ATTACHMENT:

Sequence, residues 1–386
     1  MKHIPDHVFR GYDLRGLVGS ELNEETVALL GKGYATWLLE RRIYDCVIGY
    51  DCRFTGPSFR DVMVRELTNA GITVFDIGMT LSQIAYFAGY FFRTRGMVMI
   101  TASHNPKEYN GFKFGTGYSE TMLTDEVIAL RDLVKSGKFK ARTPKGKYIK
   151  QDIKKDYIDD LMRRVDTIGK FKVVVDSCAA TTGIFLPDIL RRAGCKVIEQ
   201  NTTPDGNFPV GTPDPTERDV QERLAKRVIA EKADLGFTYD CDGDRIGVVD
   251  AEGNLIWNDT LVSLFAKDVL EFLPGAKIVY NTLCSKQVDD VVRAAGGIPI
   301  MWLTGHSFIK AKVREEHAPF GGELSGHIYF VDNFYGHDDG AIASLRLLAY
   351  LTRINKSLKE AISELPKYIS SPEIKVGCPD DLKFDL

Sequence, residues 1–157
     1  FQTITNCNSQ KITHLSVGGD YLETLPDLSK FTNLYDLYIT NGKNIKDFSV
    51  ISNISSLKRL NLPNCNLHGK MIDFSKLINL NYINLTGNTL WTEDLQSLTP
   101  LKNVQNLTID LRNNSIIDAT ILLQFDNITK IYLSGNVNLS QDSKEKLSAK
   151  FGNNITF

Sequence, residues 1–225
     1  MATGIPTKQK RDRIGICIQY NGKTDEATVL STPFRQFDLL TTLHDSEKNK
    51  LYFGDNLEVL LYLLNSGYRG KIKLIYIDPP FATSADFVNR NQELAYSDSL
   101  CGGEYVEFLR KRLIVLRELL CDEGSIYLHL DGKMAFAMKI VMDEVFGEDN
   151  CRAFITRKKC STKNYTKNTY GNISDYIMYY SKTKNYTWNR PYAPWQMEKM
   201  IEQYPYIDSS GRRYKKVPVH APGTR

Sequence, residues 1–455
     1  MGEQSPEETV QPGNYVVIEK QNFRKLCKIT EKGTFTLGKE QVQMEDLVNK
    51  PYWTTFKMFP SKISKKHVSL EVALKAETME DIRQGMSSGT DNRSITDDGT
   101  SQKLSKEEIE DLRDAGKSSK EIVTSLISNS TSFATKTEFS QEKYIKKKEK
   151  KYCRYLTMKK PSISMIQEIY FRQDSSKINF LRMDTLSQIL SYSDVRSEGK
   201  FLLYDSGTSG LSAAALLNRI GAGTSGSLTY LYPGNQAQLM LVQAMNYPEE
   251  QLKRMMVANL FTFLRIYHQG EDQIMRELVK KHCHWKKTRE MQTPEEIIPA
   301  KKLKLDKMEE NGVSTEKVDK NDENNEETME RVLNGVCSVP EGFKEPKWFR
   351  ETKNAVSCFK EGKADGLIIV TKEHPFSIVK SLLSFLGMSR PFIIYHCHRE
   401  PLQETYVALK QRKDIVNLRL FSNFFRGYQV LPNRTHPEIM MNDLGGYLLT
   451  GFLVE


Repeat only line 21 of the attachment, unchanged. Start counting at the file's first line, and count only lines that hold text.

Sequence, residues 1–455